Sugar – Some of us like adobo a bit sweeter. I suggest trying this when you have already tried without one.
Onion – I rarely add onion to my Pork adobo as I always imagine eating steak whenever seeing onions on my pork adobo, but this ingredient can be added.
Health Buffs Ask: Is Pork Adobo High in Calories?
The amount of calories in a food, particularly in Pork Adobo, depends on the size of the servings. One serving of Pork Adobo has 454 calories which is a lot lesser than the human required calories per day: woman- 2000 calories per day, man-2500 calories.
There’s a reason why people are asking about ‘calories’ because they have the misconception that ‘calories’ are unhealthy stuff for the body. It’s a myth that most people subscribe to, and maybe today is the best time to bust this myth.
Are calories really bad for our bodies? The answer is a ‘yes’ and a ‘no,’ and it depends on how we use these calories. Calorie shows how much energy can your body gain from food or drink.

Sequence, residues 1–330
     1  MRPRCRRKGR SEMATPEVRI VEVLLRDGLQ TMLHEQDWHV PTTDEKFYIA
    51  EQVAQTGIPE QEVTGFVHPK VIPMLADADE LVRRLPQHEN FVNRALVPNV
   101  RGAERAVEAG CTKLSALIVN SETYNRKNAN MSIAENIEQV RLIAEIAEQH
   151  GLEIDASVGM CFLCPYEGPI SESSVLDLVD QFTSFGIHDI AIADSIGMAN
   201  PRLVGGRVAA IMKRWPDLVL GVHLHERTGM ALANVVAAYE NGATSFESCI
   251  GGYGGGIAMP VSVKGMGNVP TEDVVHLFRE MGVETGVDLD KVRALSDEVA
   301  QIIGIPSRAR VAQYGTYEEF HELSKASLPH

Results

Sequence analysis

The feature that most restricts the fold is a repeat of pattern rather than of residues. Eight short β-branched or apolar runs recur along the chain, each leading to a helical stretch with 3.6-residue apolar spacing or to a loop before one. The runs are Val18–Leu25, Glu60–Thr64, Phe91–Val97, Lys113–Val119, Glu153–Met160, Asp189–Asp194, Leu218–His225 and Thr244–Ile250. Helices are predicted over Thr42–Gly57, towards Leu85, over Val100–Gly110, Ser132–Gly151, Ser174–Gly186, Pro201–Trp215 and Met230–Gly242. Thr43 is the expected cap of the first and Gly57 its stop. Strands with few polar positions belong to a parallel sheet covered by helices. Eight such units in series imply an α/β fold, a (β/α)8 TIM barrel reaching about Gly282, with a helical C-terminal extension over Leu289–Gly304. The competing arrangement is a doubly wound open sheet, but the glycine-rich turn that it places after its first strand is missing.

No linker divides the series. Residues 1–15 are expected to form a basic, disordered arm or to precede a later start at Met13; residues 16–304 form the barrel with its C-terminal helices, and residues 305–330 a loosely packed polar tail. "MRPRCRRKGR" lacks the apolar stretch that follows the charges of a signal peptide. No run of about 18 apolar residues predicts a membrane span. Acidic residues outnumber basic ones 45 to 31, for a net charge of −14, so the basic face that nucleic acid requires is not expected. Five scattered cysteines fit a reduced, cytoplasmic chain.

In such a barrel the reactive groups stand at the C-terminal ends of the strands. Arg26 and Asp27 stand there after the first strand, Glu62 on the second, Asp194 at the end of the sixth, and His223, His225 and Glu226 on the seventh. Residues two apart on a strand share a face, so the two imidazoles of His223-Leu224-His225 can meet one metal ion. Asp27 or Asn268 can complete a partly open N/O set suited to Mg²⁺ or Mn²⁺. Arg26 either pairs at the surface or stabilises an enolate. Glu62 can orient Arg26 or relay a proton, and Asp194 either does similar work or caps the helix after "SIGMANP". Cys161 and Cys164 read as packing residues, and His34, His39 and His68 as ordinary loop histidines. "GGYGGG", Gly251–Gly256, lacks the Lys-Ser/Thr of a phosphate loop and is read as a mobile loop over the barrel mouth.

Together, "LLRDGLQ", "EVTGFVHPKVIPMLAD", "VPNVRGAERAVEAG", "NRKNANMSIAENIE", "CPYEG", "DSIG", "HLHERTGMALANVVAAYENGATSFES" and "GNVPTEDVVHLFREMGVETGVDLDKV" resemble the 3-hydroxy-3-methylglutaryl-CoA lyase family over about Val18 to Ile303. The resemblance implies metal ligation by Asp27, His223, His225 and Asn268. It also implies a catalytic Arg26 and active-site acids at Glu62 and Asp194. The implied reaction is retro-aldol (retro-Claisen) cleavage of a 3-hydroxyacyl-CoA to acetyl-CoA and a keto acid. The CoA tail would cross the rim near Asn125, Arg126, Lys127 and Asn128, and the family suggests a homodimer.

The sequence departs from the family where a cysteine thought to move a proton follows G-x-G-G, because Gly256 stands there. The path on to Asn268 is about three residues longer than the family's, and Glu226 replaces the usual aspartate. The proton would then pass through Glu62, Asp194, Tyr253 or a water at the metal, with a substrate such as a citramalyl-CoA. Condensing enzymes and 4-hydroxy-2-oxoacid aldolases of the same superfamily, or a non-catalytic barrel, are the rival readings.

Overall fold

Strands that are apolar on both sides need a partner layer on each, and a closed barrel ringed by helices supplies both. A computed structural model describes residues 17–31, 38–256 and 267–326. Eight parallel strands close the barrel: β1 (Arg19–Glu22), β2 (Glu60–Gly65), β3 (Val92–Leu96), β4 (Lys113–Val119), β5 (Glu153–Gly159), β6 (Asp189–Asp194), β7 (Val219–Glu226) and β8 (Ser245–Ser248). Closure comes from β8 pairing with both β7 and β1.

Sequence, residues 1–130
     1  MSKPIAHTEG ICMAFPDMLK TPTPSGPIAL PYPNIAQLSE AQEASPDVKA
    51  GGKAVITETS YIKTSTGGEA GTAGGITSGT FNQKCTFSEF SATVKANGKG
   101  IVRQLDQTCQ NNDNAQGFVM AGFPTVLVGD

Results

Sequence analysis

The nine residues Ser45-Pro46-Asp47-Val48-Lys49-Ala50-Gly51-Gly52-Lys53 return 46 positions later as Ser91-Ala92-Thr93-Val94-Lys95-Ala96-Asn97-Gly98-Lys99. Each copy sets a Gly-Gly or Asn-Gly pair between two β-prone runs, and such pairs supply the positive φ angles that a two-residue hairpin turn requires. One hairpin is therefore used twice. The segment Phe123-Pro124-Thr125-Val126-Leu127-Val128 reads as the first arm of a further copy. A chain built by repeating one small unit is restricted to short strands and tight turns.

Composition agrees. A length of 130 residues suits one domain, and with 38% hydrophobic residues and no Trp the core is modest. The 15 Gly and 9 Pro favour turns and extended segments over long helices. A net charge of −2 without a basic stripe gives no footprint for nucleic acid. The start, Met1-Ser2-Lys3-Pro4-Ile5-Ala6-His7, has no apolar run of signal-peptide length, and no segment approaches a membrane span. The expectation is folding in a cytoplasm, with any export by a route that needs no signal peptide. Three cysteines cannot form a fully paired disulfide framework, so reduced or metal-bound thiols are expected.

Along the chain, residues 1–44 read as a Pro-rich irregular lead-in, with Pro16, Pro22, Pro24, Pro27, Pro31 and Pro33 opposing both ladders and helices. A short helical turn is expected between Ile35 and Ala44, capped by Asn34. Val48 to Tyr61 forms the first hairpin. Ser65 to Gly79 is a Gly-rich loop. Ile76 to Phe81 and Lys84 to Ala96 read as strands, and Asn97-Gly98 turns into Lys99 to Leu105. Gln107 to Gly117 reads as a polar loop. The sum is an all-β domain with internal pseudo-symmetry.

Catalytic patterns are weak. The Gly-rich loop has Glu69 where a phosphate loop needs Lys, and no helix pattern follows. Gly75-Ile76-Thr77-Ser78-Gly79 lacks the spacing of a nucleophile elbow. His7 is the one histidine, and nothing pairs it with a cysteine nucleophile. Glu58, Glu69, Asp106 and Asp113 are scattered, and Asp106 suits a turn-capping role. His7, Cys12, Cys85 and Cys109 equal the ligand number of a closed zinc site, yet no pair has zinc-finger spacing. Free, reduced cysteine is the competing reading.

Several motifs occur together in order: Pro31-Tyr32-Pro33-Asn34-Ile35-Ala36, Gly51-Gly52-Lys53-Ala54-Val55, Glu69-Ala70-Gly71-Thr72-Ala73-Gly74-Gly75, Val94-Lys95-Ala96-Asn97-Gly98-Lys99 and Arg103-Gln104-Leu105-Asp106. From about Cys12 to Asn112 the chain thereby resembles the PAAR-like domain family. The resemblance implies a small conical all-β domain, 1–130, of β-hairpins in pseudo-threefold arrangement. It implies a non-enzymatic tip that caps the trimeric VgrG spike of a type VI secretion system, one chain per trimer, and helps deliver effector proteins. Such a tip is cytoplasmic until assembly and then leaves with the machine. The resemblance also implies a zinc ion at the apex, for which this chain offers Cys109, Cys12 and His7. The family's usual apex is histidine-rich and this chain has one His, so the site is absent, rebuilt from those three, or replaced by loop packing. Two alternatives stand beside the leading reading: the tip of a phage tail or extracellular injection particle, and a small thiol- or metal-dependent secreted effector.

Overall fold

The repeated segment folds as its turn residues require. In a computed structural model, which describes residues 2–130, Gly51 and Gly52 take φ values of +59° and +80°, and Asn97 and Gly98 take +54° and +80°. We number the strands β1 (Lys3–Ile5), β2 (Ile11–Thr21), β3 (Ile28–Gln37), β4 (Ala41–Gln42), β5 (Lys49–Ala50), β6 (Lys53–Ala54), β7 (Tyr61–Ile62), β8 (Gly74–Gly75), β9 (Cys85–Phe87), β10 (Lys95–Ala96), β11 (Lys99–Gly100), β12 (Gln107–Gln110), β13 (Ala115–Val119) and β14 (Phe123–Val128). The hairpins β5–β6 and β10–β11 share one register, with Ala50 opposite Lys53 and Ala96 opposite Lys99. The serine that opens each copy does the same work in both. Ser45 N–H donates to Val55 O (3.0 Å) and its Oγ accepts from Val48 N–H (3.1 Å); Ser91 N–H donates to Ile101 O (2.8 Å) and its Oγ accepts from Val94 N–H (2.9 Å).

It’s good for our body because we can unlock their powers by doing physical activities, but it can be a liability if we don’t burn it. Without any activities to burn them, it stays on our body and adds on our weight. Now we can see that calories can be good or bad for us, depending on how we use it.
What To Do When Your Pork Adobo Goes Wrong?
Let’s face it; there are times when problems pop up, no matter how we carefully follow the recipe’s procedure. Sometimes, something will just go wrong, but this shouldn’t make us freeze on our tracks and feel helpless because problems that arise in the kitchen are somehow similar to how issues pop up in life, isn’t it?
When encountering problems in the kitchen, especially in cooking pork adobo, we need to be equipped with knowledge on how to properly handle them. Learn how to manage things when our pork adobo does not turn out the way we want.
Problem Number 1: Your Pork Adobo Turns Out To Be Salty
When your Pork Adobo becomes too salty, you may experiment on the ingredients that you can find in your pantry, but be very careful with experimenting because it might aggregate the problem even more.
You may add sugar, lemon, or olive oil in your pork adobo and conduct a taste-test in between. Do not haste to counter the very salty taste by putting large amounts of one of these ingredients, start with little pinches and dashes, until it gently counters the saltiness of your pork adobo.
Problem Number 2: Your Pork Adobo is Too Sour